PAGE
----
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As banksfinalize stress test submissions for an April 5 deadline, a quick glance atlast year's exercise shows banks could face a very different 2017 and 2018 thanwhat the Federal Reserve outlines in its various .
Inthe last two stress tests, the Fed's base-case scenarios have overshot interestrates. And in last year's stresstest, the Fed's severely adverse scenario asked banks to considerwhat loan losses would look like if oil reached $110 per barrel. Since then,oil has collapsed, bouncing around $30 per barrel to start the year andpresenting anentirely different set of issues for banks and the economy.
Whilestress tests are not intended to be economic forecasts, the disparity betweenthe Fed's scenario and reality underscores the difficulty of ensuring banks areprepared for the next crisis.
"Onething that people point out time and time again is that if you only looked inthe rear-view mirror in 2006, you would never expect a 30% decline in homeprices," said David Wright, a managing director for Deloitte & ToucheLLP.
TheFederal Reserve declined to comment.
Thebase-case assumptions, by design, represent conventional wisdom as an averageof various economic predictions from forecasters. The adverse and severelyadverse scenarios then stress bank holdings with a variety of economic shocks.
Despitethe differences on some variables, Wright said the stress tests do sufficientlyevaluate the stability of bank balance sheets under adverse economicconditions. While banks are bracing for notable losses due to the collapse inoil prices, a spike in oil prices could be worse. Higher gas prices can strainconsumers, driving up losses in consumer and mortgage loan books that aregenerally much larger than oil and gas holdings.
Andoil prices represented only one of many variables. The severely adversescenario included a spike in the unemployment rate to 10.0% by the 2016 first quarter,whereas the figure clocked in at 4.9% in February.
"Thehope is that all the other shocks that you have in the stress test cover that[oil price] shock," said Chuck Morris, a vice president and economist forthe Federal Reserve Bank of Kansas City. "We had a big decline in oilprices, but there are other stress-test shocks that didn't happen."
Asfurther protection, the Fed makes each bank devise an idiosyncratic scenariothat stresses its unique vulnerabilities. Presumably, banks with heavy oil andgas exposure would devise scenarios that include a collapse in energy prices,Wright said. Also, the Fed monitors oil and gas losses through regular reviewsof the nation's largest loans through the shared national credit program.
"Ofcourse, [the shared national credit program] has been focused on oil and gasfor quite some time now," Wright said.
Thisyear, the Federal Reserve threw banks a curveball in the stress test byincluding negative interest rates, a headwind banks in Japan and Switzerlandcurrently face. Also, the Fed's scenarios are more severe on a relative basis.For example, the unemployment rate spikes by 4 percentage points in the 2016exercise, compared to a 2.1 percentage point jump in the 2015 exercise.However, because the economy is stronger, the increase is applied to a lowerbase, meaning the peak unemployment rate of 10.0% in this year's stress test islower than any of the previous three tests.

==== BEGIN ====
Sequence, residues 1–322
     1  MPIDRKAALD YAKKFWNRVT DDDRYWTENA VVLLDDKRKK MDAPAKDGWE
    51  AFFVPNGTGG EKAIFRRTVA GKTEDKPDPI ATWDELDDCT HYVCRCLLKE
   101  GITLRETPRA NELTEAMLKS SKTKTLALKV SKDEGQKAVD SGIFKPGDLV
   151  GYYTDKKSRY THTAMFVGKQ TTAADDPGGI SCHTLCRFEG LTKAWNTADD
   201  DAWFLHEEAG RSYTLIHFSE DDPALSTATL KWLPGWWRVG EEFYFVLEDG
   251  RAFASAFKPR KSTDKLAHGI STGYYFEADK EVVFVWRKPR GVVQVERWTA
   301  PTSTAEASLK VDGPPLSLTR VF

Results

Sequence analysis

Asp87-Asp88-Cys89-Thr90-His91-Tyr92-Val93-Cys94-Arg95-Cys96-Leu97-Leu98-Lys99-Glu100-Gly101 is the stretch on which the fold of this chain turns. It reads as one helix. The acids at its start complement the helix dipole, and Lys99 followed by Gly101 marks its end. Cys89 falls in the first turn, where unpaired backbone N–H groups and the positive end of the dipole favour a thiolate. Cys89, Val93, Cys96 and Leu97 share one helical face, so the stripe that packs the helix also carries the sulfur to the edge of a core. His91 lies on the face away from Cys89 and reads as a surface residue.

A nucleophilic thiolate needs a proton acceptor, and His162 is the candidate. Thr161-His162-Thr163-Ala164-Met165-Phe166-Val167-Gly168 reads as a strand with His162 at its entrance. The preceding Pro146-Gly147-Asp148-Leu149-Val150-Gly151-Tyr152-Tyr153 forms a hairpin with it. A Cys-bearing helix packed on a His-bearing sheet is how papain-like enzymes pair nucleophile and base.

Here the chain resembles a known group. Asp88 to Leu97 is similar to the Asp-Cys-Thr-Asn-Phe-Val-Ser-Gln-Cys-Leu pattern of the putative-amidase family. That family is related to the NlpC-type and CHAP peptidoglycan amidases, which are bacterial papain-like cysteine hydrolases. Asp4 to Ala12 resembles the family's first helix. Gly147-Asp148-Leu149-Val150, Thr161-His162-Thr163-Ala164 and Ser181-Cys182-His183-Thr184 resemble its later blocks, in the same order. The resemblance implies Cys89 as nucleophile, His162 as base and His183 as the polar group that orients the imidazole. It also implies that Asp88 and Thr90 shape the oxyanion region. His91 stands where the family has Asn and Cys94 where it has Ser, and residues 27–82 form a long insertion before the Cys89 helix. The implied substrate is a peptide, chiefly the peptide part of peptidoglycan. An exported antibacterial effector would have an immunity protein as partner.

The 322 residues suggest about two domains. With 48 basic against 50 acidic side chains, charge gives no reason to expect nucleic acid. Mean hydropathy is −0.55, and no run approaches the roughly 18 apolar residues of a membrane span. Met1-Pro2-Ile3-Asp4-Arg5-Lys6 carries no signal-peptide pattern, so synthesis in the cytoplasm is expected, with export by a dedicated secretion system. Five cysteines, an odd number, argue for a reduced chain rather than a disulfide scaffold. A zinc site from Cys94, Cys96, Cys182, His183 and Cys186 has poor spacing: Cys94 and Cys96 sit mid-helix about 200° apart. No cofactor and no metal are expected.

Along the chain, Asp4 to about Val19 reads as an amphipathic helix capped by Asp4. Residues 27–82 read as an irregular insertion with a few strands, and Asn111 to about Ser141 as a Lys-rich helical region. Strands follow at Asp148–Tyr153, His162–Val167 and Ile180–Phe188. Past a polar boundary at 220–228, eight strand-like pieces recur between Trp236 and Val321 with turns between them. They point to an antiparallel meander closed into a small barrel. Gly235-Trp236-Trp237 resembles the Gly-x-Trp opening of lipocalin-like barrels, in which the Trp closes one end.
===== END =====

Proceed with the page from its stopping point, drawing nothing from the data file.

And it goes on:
Evenwith a more rapid deterioration in the economy and the specter of negativeinterest rates, analysts said they expect banks' balance sheets to withstandthe Fed's most severe scenario.
"Thefact that capital has been built up year after year after year has made itunlikely that firms will fail on a quantitative basis," said Michael Alix,a partner with PwC.
However,Alix and Deloitte's Wright both said it was possible banks could fail thequalitative portion of the Fed's exercise, which evaluates a bank's riskmanagement procedures. That was the case last year, when the U.S. subsidiaries of andDeutsche Bank AG wereable to pass the quantitative stress test but failed on qualitative issues suchas governance and internal control deficiencies.
Thisyear, the Fed has made it very clear to banks that there will be a focus ondata quality.
"'Wheredid you get your data? How good is it and how reliable is it?' My clients aregetting a lot more questions about their data practices," said MayraRodriguez Valladares, a managing principal of bank consulting firm MRVAssociates.
Alixand Wright both agreed, saying data quality appears to be an area of focus forthe Federal Reserve in this year's stress tests.
"Firmsthat don't have a buttoned up process for reconciling and reporting the data …will be more vulnerable to a fatal problem," Alix said.
Itis hard to imagine the quantitative portion of the exercise could prepare banksfor a repeat of the 2008 credit crisis and an unexpected collapse in a certainasset, such as housing. And it is an open question whether bracing for highlyunlikely events would be wise since it would almost assuredly constrain accessto capital.
Consideringthe difficulty — perhaps impossibility — of ensuring bank balance sheets canweather the next crisis, the stress test's value might be in the qualitativeassessment.